2018 Mazda CX-5: Monthly Update for December 2018
by Ronald Montoya, Senior Consumer Advice Editor
Where Did We Drive It?
After a slow December, our 2018 Mazda CX-5 was back on track in January, with a solid 1,125 miles added to the odometer. We're about a month away from the end of our tenure with the CX-5, which means that many of us are starting to run out of things to say about this solid crossover.
But what our logbook comments lack in quantity, they make up for in quality. We found out how the CX-5's transmission acts on hills and what it's like to park on a short driveway. And we also have a few early impressions on the 2019 CX-5's new turbo engine.
What Kind of Fuel Economy Did It Get?
The CX-5's lifetime fuel economy decreased a couple of ticks from 23.4 to 23.2 mpg in January. Carlos recorded the second-lowest fill ever, at 17.9 mpg, which brought down the average. It was either him using manual mode in the hills of Los Angeles' Silver Lake neighborhood or an eager right foot.
Average lifetime mpg: 23.2
EPA mpg rating: 26 combined (24 city/30 highway)
Best fill mpg: 33
Best range: 347.2 miles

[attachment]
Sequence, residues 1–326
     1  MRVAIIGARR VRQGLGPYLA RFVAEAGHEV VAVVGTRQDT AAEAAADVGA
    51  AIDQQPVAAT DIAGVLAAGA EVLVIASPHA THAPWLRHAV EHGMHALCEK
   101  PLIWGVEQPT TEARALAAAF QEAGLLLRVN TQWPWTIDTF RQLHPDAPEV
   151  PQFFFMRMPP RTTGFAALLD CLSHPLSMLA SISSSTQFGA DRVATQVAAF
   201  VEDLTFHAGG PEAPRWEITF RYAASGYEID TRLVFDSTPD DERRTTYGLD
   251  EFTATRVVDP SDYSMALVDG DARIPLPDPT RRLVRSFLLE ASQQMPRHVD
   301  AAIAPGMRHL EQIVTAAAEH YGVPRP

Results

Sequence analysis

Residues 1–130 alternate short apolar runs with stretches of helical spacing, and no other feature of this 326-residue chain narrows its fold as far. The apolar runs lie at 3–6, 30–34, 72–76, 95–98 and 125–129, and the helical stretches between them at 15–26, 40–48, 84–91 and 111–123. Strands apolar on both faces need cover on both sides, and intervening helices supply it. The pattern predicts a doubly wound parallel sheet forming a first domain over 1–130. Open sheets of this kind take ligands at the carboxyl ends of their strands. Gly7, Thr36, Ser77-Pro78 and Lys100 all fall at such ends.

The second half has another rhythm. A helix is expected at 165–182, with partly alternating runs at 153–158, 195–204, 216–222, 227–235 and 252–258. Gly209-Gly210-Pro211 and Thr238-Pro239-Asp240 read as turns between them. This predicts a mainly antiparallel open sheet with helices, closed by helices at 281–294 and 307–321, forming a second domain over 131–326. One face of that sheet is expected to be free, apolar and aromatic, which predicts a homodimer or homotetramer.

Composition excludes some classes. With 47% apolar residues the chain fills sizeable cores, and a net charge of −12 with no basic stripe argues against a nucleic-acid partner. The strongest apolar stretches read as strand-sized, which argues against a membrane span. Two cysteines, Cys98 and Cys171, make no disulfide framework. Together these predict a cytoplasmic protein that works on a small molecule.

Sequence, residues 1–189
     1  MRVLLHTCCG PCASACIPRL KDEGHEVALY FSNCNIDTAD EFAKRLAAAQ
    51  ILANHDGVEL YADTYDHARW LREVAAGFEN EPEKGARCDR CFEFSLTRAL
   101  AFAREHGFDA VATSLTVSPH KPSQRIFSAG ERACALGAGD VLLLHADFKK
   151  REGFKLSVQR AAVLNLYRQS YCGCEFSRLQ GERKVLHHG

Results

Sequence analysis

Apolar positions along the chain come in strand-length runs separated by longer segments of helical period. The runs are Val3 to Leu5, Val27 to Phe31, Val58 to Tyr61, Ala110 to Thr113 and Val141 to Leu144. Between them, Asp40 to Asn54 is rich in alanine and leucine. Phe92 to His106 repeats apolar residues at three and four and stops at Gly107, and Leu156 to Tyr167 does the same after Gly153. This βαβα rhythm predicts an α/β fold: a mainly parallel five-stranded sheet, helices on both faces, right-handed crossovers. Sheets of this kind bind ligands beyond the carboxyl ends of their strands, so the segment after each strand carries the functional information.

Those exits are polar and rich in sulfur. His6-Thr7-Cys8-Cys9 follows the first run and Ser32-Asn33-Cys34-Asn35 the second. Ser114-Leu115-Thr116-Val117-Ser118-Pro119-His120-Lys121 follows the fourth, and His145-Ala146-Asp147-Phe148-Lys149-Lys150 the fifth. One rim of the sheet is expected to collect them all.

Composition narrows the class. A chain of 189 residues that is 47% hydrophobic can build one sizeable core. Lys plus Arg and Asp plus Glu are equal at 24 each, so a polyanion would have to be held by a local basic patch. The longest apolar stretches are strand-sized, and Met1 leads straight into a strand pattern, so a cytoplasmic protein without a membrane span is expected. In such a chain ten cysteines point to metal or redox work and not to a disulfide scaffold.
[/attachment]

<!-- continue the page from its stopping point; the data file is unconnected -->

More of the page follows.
Current odometer: 15,723 miles
Maintenance and Upkeep
"A few weeks ago, I had the opportunity to drive the 2019 Mazda CX-5 in the Great White North. Most of the CX-5's core lineup stays the same, but two new trims sit atop the previous top-level Grand Touring. Both models — dubbed the Grand Touring Reserve and the Signature — feature the turbocharged 2.5-liter engine from the CX-9.
"The icy roads in Whistler [British Columbia] prevented me from really laying into the throttle, but my brief spurts of acceleration revealed the turbo-four's ample low-end torque. One of our only real complaints about our long-term, non-turbocharged CX-5 is the lack of thrust when you put the hammer down. The new engine is much better and well worth the cost if you were already planning on going for the Grand Touring anyway. The Reserve isn't too much more." — Cameron Rogers, reviews editor
"Our CX-5 seems a little too hesitant to downshift. It's most apparent on slow, hilly roads, like the Silver Lake neighborhood I drove through this weekend. When climbing a steep hill and slowing, the CX-5 waits a little too long for comfort to downshift. You keep feeding in the gas pedal and ... nothing. There was one point when I thought it might stall — never mind the impossibility of that happening. At least there's an easy fix: moving the shifter to manual and doing the work yourself." — Carlos Lago, manager, feature content
"I appreciate the shape of the CX-5's front end. It makes it pretty easy to judge where the front of the car is from the driver's seat. I was able to park in a relatively short driveway over the weekend on my first try, even without forward parking sensors, and get right up close to the garage door without worrying about bumping it." — Will Kaufman, content strategist and news editor